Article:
SOMETHING WICKED THIS WAY COMES is a project that examines horror culture and filmmaking in the New England area. Through the stories of industry professionals, filmmakers, and actors, it ... See full summary »
A visiting dignitary, a CIA agent, a Nazi spy, Japanese tourists, an assassin and a group of "midget" actors from The Wizard of Oz (1939) all check into an elite Los Angeles hotel called Under the Rainbow.
In Green Town, Illinois, the twelve year-old boys Will Halloway and Jim Nightshade are neighbors and best friends. Will's father Charles Halloway is an old man and the local librarian while Jim and his mother wait for the return of the return of their father and husband that will never occur. The boys know everyone in town, including their school teacher Miss Foley that misses her beauty and youth; the lonely barber Mr. Crosetti that has no girlfriend or wife; the greedy owner of a cigar store Mr. Tetley that is obsessed with money; and the bartender Ed that has severed arm and leg and dreams on being a football hero. One day, Jim buys a lightning rod from the salesman Tom Fury that tells that a storm is coming. During the night, the boys overhear a mysterious train and they run through the woods to see the arrival but they do not see a living soul. However, they find the Mr. Dark's Pandemonium Carnival ready to be enjoyed and they snoop around. Soon they realize that frustrated and ...Written by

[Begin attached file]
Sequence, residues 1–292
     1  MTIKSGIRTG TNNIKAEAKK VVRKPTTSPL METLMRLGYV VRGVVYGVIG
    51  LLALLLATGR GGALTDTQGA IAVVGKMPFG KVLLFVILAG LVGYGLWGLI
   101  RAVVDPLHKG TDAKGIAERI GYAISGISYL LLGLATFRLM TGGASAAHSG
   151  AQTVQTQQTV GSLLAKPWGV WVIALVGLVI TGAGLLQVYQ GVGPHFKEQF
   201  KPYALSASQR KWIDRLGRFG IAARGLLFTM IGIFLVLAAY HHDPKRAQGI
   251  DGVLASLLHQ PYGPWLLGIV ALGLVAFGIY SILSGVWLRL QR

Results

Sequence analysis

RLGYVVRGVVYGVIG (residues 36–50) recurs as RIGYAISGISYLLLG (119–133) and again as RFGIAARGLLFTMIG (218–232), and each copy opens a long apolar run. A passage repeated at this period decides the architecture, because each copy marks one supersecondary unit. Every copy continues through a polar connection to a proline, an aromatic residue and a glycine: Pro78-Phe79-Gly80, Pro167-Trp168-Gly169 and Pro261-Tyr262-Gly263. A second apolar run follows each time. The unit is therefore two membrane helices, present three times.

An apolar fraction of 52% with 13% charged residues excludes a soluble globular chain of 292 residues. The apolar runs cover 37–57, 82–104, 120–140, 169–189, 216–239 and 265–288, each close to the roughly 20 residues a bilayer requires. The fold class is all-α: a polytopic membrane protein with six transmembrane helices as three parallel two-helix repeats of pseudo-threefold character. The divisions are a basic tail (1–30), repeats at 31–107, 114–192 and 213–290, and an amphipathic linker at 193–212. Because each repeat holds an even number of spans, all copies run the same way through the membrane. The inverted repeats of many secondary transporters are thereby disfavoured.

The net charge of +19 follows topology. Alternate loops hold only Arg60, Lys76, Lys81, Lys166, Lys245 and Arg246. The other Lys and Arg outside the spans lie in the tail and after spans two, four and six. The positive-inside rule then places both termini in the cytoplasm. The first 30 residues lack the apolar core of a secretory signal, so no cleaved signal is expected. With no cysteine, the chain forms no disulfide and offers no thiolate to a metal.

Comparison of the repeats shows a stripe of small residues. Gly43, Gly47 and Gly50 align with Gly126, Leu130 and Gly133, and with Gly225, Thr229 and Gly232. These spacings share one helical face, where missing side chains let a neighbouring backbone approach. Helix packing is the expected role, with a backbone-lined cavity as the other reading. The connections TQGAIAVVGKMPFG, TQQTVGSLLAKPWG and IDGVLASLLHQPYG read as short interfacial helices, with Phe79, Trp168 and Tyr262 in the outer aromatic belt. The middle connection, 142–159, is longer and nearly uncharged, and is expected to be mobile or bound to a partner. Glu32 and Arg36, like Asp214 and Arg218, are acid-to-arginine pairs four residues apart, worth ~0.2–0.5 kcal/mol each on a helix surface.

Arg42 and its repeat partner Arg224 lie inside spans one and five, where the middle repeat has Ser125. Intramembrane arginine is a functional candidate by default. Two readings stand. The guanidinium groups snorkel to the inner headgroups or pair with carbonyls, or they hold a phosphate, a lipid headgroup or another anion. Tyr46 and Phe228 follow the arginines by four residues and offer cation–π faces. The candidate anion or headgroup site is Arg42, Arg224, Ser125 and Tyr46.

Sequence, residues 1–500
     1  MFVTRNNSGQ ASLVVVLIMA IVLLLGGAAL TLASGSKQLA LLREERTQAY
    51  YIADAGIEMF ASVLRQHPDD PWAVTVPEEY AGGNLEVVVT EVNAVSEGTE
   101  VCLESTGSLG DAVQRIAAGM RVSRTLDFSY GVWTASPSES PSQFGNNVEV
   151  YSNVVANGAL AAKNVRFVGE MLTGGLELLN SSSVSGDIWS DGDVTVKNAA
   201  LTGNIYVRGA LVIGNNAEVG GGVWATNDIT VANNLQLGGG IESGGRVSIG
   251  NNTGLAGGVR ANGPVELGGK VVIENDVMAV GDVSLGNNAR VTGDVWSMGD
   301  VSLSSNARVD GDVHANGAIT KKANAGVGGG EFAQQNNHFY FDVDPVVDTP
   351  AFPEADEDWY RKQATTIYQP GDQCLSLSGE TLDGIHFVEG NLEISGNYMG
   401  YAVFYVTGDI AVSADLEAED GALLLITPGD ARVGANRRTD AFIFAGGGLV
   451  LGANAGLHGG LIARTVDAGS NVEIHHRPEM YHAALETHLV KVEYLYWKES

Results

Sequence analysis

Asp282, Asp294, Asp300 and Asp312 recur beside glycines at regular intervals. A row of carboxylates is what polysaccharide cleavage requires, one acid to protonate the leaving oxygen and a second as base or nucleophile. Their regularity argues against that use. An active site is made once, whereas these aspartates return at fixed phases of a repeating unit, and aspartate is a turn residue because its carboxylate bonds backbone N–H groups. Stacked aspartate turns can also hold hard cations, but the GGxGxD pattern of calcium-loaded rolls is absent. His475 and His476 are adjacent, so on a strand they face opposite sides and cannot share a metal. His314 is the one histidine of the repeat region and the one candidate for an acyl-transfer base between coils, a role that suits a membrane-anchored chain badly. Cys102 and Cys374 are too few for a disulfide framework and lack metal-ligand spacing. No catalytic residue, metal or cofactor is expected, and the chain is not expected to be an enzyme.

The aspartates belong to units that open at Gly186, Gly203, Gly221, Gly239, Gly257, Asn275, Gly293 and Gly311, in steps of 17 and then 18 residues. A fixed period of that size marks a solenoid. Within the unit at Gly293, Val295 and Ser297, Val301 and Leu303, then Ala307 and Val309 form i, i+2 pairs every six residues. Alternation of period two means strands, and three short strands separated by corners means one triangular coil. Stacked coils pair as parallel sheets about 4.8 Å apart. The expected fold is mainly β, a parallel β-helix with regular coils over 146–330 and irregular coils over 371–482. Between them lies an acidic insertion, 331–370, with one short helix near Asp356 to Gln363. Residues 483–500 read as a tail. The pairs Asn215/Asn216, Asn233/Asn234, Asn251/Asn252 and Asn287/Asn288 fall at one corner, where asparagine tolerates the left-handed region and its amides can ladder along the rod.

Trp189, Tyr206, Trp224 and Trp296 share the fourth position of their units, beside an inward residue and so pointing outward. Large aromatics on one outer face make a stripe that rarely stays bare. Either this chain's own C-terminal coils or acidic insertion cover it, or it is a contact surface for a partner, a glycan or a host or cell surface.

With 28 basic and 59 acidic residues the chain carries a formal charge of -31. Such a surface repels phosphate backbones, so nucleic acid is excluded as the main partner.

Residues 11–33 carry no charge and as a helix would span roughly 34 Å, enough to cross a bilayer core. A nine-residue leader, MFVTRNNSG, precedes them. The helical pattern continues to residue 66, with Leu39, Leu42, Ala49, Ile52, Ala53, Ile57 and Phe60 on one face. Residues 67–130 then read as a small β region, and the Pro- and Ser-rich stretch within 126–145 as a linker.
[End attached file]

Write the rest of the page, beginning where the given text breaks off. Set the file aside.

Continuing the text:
Claudio Carvalho, Rio de Janeiro, Brazil
The music for the film was originally composed by Georges Delerue, but it was rejected by Disney executives, in favor of a less somber score by James Horner. Portions of Delerue's score can still be heard in the film's theatrical trailer. See more »
When Jim Nightshade buys the lightning rod with cash and coin, he has a Lincoln Memorial penny, which wasn't minted until 1959. The story is set earlier. See more »
Some folks draw lightning to them as a cat sucks in a baby's breath.
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Yes, this was a big disappointment to many Bradbury fans, but it still has enough charm to make it a satisfactory cinematic experience. It is debatable whether or not one should read the book before seeing the movie. You will certainly have a better understanding of what is happening, but the terror conveyed in the book is not present in the movie.
There is the scene with Pryce and Robards in the town library. Even with the outdated FX, this scene is pure Bradbury...I could feel the tugging on my heart as Pryce's character ripped each page from the book. Truly a classic moment and not to be missed.
*** out of *****
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